How to Build a Herb Spiral Garden


As a urban gardener, I love ideas that help create more growing space, are visually appealing, low maintenance, very do-able and are easily accessible.

The Herb Spiral is a nature-inspired vertical garden design that is highly productive and energy efficient. It allows you to stack plants in a pyramid to maximise space - a practical and attractive solution. It is typically 6.5ft wide in diameter at the base, ascending to 3.2- 4.2ft, with the center of the spiral at the highest point. The spiral ramp provides a planting area large enough to accommodate all your common culinary herbs but is certainly not limited to just growing herbs!

If you are interested in how the design works and all the benefits, you can read more about them at https://themicrogardener.com/15-benefits-of-a-herb-spiral-in-your-garden/.

I thought I'd share a tutorial on this DIY project which can be as cheap and cheerful or elaborate as your budget allows - the materials vary widely so you can choose something that meets your taste, time and skill level. There are plenty of videos, specs and tips in the full online tutorial that will help you get the feel for the various options you have and stages of the project.

I've helped build them from scratch in just a few hours - it's about organizing your materials and having the site ready - bribing a couple of friends with some yummy food to help give you a hand doesn't hurt either!

Here are the basics you need to know:

Choose a site ideally located close to your kitchen door for quick access to fresh herbs. Orientate the bottom of your spiral on the northern side in the Northern hemisphere or southern side in the Southern hemisphere. This creates micro climates that allow you to plant a wide variety of herbs that enjoy different positions - sun, shade, dry or moist.

Materials: (these are just typical 'ingredients' you can use and the basic 'recipe').

· Cardboard (without ink or tape), weed mat or gravel – optional but useful to kill weeds if building your spiral straight on top of lawn. (I avoid carpet because it's likely been treated with chemicals that will leach into the soil as it breaks down). Alternatively, you may need a drill for drainage holes if building on concrete.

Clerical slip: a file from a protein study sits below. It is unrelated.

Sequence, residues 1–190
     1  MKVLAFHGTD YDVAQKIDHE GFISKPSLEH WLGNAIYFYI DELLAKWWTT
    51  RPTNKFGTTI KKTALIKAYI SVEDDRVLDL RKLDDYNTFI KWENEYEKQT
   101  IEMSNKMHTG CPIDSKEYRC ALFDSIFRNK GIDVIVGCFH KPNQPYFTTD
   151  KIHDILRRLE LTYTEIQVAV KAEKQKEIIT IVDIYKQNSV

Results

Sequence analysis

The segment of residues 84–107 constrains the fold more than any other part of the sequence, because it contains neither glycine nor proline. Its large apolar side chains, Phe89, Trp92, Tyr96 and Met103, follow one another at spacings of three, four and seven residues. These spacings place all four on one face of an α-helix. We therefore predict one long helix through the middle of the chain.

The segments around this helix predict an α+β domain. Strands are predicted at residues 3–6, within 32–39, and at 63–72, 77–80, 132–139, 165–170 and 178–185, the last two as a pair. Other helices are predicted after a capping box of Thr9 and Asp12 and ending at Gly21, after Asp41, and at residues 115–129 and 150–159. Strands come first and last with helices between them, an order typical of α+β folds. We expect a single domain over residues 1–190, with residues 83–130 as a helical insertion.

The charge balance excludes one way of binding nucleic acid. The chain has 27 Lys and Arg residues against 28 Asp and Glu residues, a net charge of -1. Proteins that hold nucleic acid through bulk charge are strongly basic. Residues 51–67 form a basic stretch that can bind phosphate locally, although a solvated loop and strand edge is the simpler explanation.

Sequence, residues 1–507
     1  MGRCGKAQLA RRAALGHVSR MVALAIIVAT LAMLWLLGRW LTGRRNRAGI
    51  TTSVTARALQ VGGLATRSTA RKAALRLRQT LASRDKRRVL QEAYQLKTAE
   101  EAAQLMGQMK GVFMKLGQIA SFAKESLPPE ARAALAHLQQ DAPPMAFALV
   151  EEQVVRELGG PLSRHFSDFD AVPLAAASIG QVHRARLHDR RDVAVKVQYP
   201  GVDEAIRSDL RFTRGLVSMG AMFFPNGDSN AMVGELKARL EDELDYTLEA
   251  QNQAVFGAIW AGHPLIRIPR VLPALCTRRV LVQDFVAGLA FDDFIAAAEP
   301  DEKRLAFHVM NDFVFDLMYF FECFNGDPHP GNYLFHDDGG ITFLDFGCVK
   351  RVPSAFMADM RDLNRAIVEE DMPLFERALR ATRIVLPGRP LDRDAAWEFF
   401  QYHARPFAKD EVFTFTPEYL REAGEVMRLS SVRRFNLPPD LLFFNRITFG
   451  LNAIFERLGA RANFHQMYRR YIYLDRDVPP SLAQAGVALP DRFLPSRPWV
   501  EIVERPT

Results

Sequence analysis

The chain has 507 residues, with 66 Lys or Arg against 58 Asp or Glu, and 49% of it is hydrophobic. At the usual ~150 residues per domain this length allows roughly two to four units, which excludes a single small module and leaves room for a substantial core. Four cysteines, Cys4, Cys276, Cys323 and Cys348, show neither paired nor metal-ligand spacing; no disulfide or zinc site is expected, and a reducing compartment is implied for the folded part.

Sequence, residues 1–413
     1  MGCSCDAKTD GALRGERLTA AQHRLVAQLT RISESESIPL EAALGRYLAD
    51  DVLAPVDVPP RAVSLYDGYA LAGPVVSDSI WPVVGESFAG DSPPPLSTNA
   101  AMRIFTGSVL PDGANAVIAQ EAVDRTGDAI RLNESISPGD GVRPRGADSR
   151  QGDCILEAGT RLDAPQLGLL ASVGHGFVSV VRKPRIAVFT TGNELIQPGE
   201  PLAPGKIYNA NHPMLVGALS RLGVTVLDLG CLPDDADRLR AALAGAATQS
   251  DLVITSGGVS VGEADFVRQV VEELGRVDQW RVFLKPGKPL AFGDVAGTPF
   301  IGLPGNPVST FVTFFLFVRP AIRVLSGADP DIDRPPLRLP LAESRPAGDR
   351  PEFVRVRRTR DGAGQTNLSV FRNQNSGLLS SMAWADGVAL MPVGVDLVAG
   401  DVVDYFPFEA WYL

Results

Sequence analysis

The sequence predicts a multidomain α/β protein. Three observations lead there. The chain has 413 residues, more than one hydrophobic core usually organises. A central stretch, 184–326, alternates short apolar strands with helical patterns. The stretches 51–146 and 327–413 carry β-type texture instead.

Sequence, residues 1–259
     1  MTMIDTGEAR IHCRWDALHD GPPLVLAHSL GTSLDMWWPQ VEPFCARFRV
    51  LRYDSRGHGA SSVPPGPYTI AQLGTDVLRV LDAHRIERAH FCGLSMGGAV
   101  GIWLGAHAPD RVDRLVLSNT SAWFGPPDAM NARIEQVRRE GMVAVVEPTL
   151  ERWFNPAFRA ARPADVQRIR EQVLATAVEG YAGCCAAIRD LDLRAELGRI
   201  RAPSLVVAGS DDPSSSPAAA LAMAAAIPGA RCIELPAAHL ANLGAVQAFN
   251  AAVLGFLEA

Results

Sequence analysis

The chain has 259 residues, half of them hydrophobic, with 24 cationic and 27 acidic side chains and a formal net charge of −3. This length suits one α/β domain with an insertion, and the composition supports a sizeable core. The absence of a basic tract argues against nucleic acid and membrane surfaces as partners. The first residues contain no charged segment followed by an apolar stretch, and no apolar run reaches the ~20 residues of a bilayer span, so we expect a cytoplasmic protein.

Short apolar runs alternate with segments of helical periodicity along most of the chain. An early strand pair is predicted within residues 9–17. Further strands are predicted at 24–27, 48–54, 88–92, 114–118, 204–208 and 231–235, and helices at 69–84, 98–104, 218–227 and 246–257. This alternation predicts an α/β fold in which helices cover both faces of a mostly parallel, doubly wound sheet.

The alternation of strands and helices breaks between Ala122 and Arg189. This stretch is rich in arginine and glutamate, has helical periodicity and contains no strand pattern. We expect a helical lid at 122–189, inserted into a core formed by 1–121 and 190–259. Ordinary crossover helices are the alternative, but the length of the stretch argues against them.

· Long stake. Secure a 1m length of string to the stake and tie at the other end with a lightweight stake, bamboo cane or chalk. Use this to draw a line on the ground to measure out the circle.
· Organic matter such as mushroom compost, worm castings, lucerne, mulch, straw and garden soil to build fertility to feed your garden long term (quantity depends on diameter of your spiral).
· Compost (for planting your herbs into – preferably home made so it will be full of living microorganisms or alternately, a certified organic compost).
· Rock minerals and organic fertiliser (to add nutrients to your soil).
· Mulch (whatever you have available) e.g. lucerne, sugarcane, baled grassy mulch hay, pea straw, grass clippings,leaves, etc.
· Herb seedlings; bay tree and vegetable seedlings if planting.
· (Optional) pond materials and irrigation fittings if including.

STEP 1: Measuring up – Have someone hold or bang the stake into the central point of the ground where you want to position your herb spiral. To determine the perimeter, stretch out the string attached to the center stake to mark out your circle, drawing a line in the soil with the other stake or bamboo cane tied on the end of it (or use chalk if you are marking out a hard surface). The diameter averages between 5 –6.5 ft or 2.5 – 3.25 ft from the center.

STEP 2: Your base – if starting on lawn you will need to stop weeds from growing. Cardboard can be used for this purpose to sheet mulch and build the spiral on top. No light = no weeds! Lay your weed mat or wet cardboard (soak with a hose or in a wheelbarrow) to cover the circle you have marked out.

STEP 3: Construct the wall structure – Using your edging material of choice, start laying your bricks/rocks on the outer edge and working inwards to create a spiral shape, allowing about 1.6 ft width to plant into or adjust if making a smaller spiral.
Once you have your basic shape laid out around the circumference, add a second tier of bricks, remembering the outside 'wall' of your spiral is lowest (e.g. 2 bricks high or perhaps 1-2 rocks depending on size – enough to retain your soil).

The middle will usually end up about 1m (2.5 ft) high with a central planting area, gradually tapering down in height on a light slope to the bottom. You can block it off or add your bog/pond at the base if using.